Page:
Trending political talk

Published May 18, 2021
The writer is a journalist.
The writer is a journalist.

WATCHING political talk shows during the short, short Eid break, it struck me that our political analyses are also like fashion fads. Everyone sticks to the same themes and the same analyses — let’s blame the ratings system — till a major development, and everyone together takes a 180-degree turn. So it was when the Pakistan Democratic Movement came together last year. It was the time when the long kurtas were in. Lon and longer, everyone feverishly followed suit.

And so did we — from, roughly, October to December. We couldn’t get over the crowds at the PDM jalsas. Each show was a good, strong show. And it meant only one thing: it was not a good sign for the government. Fazlur Rehman always had the street power but now the inqilabi avatar of the PML-N also meant that Punjab uth khara hua hai (Punjab has also risen). Like the rest, they were now tired of the rigging in elections (few remembered ironically that exactly the same thing was said when the 2014 dharna happened). Also, the people were suffering because of the inflation and mismanagement of the economy. The ‘experiment’ had gone wrong and even the script writers were rethinking their plans. This ‘rethink’ is like the heavy embroidery on the lawn suits, which is a constant, regardless of shirt lengths or any other fad; it’s been ongoing since 2018.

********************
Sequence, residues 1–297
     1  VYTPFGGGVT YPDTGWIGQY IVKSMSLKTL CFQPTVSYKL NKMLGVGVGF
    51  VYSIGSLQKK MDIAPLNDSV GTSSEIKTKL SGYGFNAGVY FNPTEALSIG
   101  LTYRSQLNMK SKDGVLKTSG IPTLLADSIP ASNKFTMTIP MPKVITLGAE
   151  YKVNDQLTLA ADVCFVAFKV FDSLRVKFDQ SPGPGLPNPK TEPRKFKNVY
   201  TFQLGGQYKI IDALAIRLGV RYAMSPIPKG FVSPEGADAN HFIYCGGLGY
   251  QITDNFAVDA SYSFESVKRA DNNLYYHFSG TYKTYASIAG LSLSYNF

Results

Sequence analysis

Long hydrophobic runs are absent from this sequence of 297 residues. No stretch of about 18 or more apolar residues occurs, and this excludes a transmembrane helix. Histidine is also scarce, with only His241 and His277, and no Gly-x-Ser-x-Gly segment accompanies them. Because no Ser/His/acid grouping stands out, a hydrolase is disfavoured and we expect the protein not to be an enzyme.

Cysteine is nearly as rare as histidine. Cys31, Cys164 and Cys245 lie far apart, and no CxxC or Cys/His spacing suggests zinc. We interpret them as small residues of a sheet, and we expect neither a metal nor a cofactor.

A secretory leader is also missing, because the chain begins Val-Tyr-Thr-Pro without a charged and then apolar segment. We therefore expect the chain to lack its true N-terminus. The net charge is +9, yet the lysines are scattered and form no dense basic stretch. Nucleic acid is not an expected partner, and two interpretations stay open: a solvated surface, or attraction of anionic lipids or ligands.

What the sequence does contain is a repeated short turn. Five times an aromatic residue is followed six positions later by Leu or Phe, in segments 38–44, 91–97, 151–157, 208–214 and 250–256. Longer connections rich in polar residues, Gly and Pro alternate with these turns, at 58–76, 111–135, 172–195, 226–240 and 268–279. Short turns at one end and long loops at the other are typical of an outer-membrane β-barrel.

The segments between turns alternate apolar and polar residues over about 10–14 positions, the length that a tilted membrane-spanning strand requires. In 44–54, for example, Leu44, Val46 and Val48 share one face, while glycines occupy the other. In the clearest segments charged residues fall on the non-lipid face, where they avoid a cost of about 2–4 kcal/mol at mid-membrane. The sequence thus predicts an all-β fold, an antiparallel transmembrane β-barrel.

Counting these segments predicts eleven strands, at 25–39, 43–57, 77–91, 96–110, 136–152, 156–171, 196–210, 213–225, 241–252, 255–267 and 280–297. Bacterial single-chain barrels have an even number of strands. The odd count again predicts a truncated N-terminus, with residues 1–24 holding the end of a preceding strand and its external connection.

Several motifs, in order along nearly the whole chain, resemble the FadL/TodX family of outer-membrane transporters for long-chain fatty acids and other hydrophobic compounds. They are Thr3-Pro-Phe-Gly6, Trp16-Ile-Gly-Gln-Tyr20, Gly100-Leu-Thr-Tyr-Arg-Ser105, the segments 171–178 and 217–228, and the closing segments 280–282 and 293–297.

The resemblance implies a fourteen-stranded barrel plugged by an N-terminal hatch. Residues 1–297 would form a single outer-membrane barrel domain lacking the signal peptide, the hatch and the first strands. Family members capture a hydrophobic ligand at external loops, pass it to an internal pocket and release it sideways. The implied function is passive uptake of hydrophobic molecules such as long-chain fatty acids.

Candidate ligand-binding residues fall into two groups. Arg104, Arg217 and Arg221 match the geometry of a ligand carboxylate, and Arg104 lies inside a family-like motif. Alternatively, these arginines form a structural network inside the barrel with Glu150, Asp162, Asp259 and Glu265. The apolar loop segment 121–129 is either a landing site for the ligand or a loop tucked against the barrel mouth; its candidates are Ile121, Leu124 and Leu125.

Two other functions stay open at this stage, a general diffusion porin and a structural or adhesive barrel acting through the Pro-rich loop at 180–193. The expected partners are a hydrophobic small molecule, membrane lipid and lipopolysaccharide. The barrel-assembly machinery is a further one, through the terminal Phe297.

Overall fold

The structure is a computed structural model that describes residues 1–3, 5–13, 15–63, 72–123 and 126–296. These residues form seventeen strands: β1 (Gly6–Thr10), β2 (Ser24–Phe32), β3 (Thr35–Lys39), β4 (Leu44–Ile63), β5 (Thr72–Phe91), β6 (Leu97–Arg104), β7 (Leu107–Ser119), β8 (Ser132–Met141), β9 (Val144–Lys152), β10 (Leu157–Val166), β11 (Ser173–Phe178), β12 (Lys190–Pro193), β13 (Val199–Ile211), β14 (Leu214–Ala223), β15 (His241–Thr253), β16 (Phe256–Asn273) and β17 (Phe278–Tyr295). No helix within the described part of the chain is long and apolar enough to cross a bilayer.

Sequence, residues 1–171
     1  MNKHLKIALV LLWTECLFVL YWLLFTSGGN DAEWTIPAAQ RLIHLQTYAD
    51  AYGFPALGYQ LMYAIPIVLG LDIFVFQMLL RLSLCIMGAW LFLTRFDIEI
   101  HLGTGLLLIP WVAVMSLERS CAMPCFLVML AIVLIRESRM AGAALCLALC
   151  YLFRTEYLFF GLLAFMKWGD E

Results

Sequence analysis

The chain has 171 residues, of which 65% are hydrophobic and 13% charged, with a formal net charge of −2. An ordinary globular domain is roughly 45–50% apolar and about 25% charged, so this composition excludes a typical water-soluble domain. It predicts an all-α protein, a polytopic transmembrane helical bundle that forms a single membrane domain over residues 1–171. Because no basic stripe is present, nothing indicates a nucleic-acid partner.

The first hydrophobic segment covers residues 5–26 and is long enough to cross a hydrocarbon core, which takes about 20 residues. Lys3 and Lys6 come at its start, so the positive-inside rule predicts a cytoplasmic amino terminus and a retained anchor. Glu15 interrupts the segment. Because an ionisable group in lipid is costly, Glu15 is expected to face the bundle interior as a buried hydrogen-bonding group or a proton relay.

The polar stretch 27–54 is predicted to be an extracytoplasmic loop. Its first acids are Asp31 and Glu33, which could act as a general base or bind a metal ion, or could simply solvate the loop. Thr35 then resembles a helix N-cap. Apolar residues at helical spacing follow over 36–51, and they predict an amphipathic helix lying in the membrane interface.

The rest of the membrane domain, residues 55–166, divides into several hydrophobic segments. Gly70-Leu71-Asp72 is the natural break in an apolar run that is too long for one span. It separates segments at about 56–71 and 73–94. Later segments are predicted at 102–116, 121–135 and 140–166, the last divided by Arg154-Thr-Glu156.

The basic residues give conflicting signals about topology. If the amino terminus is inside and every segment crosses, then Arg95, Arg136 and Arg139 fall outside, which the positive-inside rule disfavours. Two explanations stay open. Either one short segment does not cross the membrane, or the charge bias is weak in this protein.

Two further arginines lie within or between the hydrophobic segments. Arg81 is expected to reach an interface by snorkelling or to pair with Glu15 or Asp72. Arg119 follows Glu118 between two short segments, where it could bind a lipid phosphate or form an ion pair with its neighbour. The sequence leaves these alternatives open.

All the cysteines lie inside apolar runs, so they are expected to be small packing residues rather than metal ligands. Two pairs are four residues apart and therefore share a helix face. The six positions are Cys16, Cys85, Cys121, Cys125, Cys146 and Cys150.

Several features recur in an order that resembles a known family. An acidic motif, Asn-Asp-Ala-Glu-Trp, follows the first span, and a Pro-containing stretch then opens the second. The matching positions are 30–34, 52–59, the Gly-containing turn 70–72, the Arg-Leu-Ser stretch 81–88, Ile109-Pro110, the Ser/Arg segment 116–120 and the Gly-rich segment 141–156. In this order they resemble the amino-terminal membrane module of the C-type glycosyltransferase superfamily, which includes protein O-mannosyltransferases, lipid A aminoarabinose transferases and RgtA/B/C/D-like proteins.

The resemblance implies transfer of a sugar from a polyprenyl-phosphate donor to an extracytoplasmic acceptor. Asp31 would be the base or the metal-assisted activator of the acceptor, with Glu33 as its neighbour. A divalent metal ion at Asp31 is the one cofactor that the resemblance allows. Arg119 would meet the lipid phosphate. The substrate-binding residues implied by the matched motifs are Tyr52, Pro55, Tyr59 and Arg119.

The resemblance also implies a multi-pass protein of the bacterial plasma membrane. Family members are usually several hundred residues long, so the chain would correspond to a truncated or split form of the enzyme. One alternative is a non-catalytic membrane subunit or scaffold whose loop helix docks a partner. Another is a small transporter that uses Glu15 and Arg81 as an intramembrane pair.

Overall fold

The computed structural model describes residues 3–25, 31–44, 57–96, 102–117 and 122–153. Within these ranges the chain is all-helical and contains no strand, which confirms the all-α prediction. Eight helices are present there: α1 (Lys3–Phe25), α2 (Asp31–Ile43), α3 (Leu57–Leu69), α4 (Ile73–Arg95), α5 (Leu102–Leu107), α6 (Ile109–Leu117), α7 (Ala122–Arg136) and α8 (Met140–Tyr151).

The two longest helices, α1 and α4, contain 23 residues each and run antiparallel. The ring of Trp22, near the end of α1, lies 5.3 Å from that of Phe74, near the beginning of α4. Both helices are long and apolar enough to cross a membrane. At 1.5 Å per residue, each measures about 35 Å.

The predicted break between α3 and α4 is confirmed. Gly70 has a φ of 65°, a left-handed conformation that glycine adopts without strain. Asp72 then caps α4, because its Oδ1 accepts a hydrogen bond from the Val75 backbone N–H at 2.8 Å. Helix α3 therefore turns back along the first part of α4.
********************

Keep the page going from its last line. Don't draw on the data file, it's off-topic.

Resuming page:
Come December and the Lahore jalsa and the shirt lengths went up a bit. The fad was changing.

Another constant was the panic of the government. What else could explain the pakkar dhakkar (rounding up) before the Multan jalsa? Had it kept its cool, the jalsa would have begun and ended in a day but as usual the PTI acted first and thought later. The only bit of originality — akin to adding a plain, solid-coloured pants rather than the flowery ones offered by the manufacturer — was to blame Usman Buzdar for the clampdown, arguing that Imran Khan hadn’t ordered or approved it.

But come December and the Lahore jalsa and the shirt lengths went up a bit. The fad was changing. As did our analyses. The numbers game had now turned against the PDM. And it turned out that the less-than-impressive numbers in Lahore and elsewhere were because the people weren’t tired enough or oppressed enough by the inflation. And hence, the ‘anger’ wasn’t enough to push the government out but there was still much joy (and concern from the critics) about the PPP-PML-N alliance. Maryam Nawaz’s trip to Garhi Khuda Bakhsh and her speech there had some in such a tizzy that they even believed Bilawal Bhutto-Zardari’s talk of resignations. There were hushed conversations about how Nawaz Sharif and Maryam had BBZ in their corner, and how Asif Zardari couldn’t get him to listen.

But then the shirts became short once 2021 arrived. The PPP made its reservations about the resignations public and the PDM faltered. It was forced to postpone the long march indefinitely. And now those who were supporting the long shirts and celebrating the PDM in October now sported the shorter lengths and we-always-knew-PDM-was-doomed-to-fail analysis.